According to the Centers for Disease Control and Prevention, eight people have died and 105 people in nine states have been sickened by a type of fungal meningitis they were exposed to when they received tainted spinal steroid injections.
The Wall Street Journal: Outbreak Spurs Calls For New Controls
As many as 13,000 patients may have been exposed to fungal meningitis from tainted spinal steroid injections, authorities said Monday, as some lawmakers called for bringing certain specialized pharmacies under greater regulatory scrutiny. The oversight of compounding pharmacies, which create customized versions of medicines, is gaining greater attention as the death and illness tolls in the outbreak continue to rise. On Monday, the Centers for Disease Control and Prevention said eight people had died and 105 people in nine states had been sickened by fungal meningitis, a rare but potentially deadly inflammation to the brain or central nervous system (Martin, Burton and Dooren, 10/8).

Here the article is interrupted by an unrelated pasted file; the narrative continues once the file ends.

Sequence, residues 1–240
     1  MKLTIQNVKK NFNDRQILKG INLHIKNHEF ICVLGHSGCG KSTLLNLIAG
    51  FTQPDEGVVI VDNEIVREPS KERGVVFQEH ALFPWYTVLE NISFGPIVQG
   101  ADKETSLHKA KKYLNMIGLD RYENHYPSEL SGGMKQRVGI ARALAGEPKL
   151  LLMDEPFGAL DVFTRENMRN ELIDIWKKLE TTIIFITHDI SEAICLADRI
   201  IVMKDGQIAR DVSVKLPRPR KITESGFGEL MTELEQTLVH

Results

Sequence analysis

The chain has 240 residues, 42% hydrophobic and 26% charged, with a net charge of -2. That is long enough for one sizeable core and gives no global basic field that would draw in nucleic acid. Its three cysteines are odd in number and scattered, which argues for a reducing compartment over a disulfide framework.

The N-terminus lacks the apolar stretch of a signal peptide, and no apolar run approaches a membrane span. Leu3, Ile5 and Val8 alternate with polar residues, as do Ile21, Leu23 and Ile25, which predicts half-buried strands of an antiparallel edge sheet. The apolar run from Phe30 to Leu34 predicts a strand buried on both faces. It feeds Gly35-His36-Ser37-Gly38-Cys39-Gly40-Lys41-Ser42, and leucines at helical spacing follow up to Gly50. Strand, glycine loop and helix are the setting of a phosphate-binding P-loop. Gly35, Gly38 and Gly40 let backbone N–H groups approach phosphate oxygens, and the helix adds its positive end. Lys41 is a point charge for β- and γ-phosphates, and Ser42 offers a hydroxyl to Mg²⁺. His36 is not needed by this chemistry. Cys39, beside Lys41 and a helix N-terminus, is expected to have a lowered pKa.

Also in the news, an examination of safety issues associated with fast-track drugs --
Medpage Today: Safety Issues Seen With Fast-Track Drugs
About a quarter of new drugs introduced to the Canadian market over a 15-year period developed serious safety issues, a researcher said. The probability of a New Active Substance -- the Canadian equivalent of a New Molecular Entity -- acquiring a serious safety issue between 1995 and 2010 was 23.7 percent, Joel Lexchin, MSc, MD, of the University of Toronto, reported in a research letter in the Archives of Internal Medicine. That figure is similar to previous American analyses that have put the probability of new drugs being slapped with a black box warning or being withdrawn from the market at 20 percent over a 25-year period. That should make clinicians cautious about prescribing certain new drugs, Lexchin wrote (Zalenznik, 10/8).